Abe told troops on Sunday that Japan would not "tolerate the use of force to change the region's status quo" and called for surveillance and intelligence activities in this regard.
"Japanese leaders' provocative comments concerning China demonstrate these politicians' lying techniques and their unscrupulous and guilty conscience," reported Xinhua citing foreign ministry's spokeswoman Hua Chunying at a daily briefing on Monday.
She reaffirmed China's Diaoyu islands stance, which states that they are an inherent part of Chinese territory though they were covertly included in Japanese territories by Japan in 1895 after the first Sino-Japanese War (1894-1895).
"China and Japan agreed to seek a resolution on the Islands issue in the future when diplomatic relations normalised in 1972. The important consensus is a major foundation for the growth of bilateral ties," Hua said.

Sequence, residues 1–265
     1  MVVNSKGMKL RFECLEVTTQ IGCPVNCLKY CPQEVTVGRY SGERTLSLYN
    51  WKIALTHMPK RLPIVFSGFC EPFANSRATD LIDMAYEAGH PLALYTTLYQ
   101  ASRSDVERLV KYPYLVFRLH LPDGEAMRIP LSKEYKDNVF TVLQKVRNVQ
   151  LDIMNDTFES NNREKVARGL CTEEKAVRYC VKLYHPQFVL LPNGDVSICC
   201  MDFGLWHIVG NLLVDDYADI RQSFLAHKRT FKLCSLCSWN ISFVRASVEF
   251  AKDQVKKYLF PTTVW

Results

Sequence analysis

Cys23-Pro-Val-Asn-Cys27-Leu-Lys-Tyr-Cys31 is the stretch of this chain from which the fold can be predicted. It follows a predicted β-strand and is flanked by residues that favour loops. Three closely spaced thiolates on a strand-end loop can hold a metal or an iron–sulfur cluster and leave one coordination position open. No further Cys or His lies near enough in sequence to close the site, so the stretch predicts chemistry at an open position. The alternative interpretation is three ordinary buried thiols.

China: Japan breaking status quo on Diaoyu Islands
She voiced China's opposition to Japan's illegal and invalid unilateral move on the Diaoyu Islands.
"It is no one else but Japan itself that is breaking the status quo on the Diaoyu Islands," the spokeswoman said.
She reiterated China's determination to follow a path for peaceful development and maintain a peaceful and stable neighbourhood.
The spokeswoman also said that the Chinese military planes' training over the East China Sea was in line with international laws and practices and there was no cause for concern regarding them.